*Be sure to check out a special offer at the end of this post.
Earlier this year, I set financial goals like most of us and they largely included paying at least a third of my total debt and eliminating my car loan once and for all by the end of the year.
I can proudly say I submitted final payment on my car loan over the weekend and I can’t wait to receive the confirmation letter in the mail and be done with it.
When the holidays roll around, paying off debt and saving can be put on the back burner as a result of how all the holiday expenses affect your budget. It’s important to stay focused on your goal and prioritize it no matter what; even if it gets difficult.
These past few weeks, there have been times where I thought about doing something else with the $1,000 per month that I’ve putting toward debt. That’s no chump change and since I’m already several months ahead on my debt payments, slowing down for a month and paying the minimum wouldn’t be the end of the world.
On the contrary, I stayed true to the financial goals I set earlier this year and decided to stick with my debt payments as if holiday spending temptations didn’t even exist or bother me.
Here’s how you can do the same.
RELATED: Aggressive Financial Goal Workbook
Set a Holiday Budget
Deciding how much you want to spend during the holiday season is crucial. Christmas related expenses may take up most of your money, but you can set a limit on how much you want to spend by making a detailed gift list and choosing what you need to buy and what you don’t need to buy.
For example, reusing and making decoration for my home is something I enjoy doing to save money. I also just purchase gifts for my immediate family ad do favors or bake things for other people who I want to show my appreciation for around this time of year.
Setting a strict budget can help you set expectations early on and stay focused on keeping up with the momentum and progress of paying off your debt.
Pay Your Debt First
I know the popular saying refers to paying yourself first, continuing to pay on your debt first while you save each and every month is one of the best ways to stay on track with debt payments year-round.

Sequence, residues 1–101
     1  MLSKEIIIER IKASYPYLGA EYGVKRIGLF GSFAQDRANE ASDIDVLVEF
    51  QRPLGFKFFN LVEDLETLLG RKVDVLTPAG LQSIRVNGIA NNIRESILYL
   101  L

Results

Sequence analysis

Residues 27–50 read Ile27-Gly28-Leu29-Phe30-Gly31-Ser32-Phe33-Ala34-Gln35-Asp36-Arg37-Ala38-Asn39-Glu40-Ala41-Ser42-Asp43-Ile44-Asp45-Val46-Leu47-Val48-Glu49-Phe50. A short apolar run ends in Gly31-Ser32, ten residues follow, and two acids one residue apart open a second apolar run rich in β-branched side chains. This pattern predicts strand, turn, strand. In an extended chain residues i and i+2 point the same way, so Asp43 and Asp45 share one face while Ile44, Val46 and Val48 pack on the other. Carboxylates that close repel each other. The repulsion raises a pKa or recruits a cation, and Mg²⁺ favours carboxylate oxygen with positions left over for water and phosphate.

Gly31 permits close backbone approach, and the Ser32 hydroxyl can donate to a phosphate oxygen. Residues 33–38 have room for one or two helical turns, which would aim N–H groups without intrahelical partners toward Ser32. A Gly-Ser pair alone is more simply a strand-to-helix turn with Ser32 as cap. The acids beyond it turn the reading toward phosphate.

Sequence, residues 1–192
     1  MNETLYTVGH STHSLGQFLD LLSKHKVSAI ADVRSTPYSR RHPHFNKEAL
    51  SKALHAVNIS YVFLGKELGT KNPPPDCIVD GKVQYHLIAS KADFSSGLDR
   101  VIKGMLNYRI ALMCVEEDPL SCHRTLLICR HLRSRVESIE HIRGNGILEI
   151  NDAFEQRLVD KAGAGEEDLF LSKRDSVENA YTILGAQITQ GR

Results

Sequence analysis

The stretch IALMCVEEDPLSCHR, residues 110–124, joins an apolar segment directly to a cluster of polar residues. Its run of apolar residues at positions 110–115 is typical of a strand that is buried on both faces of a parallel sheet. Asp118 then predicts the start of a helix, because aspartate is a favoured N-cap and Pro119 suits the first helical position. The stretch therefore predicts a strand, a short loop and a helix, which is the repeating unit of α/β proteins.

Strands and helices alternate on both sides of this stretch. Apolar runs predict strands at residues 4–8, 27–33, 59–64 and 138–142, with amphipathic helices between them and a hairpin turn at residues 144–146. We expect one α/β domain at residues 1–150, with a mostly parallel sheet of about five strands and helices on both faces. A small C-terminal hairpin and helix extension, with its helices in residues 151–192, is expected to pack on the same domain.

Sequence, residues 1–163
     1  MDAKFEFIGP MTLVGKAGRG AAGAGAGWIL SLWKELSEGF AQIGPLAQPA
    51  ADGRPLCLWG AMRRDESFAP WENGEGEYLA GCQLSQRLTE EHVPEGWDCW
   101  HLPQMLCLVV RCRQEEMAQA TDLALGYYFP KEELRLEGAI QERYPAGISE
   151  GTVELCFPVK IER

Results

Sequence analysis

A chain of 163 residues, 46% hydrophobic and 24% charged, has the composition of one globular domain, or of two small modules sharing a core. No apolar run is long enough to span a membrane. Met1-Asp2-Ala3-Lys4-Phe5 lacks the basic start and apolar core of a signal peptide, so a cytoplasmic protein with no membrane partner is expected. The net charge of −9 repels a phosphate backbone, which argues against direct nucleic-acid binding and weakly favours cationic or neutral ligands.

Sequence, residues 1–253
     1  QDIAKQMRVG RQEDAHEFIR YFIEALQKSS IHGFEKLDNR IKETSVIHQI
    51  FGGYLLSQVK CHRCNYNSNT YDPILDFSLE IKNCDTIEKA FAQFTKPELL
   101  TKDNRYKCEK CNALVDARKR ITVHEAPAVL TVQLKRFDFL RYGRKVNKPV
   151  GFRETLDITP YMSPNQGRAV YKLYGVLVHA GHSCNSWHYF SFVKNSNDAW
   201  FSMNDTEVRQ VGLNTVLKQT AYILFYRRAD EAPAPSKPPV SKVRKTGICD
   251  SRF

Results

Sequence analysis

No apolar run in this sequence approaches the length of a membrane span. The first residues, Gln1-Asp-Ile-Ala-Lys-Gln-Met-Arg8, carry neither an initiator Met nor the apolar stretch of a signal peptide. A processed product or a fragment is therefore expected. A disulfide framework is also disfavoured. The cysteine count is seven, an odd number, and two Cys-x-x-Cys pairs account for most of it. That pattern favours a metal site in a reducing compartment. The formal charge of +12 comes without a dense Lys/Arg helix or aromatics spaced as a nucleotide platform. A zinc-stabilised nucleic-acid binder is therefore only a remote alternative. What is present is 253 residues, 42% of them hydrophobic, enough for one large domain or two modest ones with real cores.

Even though I’m in the process of planning a wedding and doing some holiday shopping, I still allow a certain amount of money to be off limits and for debt payments only right when it gets deposited into my account.
Take your debt repayment goals seriously even if you are ahead on debt payments or might be okay if you put them off for an extra week or two. Sometimes saying yes to paying on debt might mean you have to say no to something else which brings me to my next point.
Find Joy in Something Other than Money and Gifts
This year I had to say no to some items my son asked for as Christmas gifts and limit what I was able to spend overall this season due to my commitment to paying off my debt. I didn’t have to make too many sacrifices though because I started saving up for the holidays earlier this year.
Finding happiness and enjoyment in other parts of the holiday season that don’t involve money is the best way to minimize your sacrifice overall. Enjoying traditions with family, watching holiday movies, attending free winter festivals, volunteering at church, checking out festive Christmas lights displays all around the neighborhood and having fun in the snow (whenever it comes back) are all things that I will be enjoying with my family this season to keep my mind off of spending money unnecessarily.
When you start to focus on every aspect of the holiday season, spending less in order to put more toward debt will become more natural to you.
Remind yourself what You Really Want
The holiday season is awesome and it can really lift your spirits. Don’t you want to feel that tingly happy feeling all the time? Everyone wants to relax and spend time with family and create memories during the holiday season. Once you pay off your debt, you will get even closer to financial stability which means you can enjoy your family and your loved ones more without having to worry about paying large sums of money to a lender.
Remember why you’re trying to get out of debt and be honest with yourself by working with what you have this year and keeping holiday spending and debt payments separate.
I started this blog about a year ago and put my first post up on December 7, 2014 to start documenting my journey toward becoming debt free. Since then, this blog has blossomed into something much more than my individual journey and I can’t wait to see where it ends up this time next year.
Blogging is hard work but it’s also very rewarding and I appreciate each and every one of you who come visit my site each week and take something away from my writing. You’ve all made my debt payoff journey a little less lonely this past year and I wanted to say thank you by offering this giveaway of $50 in holiday spending money to one lucky reader.
The contest will run for a week so be sure to get your entries in soon! To increase your luck, I’m offering extra entries for connecting on social media with a new podcast I am starting with some wonderful friends of mine: Erin, Kayla, and Kristi.
Thank each and every one of you again for your support and here’s to another amazing year!
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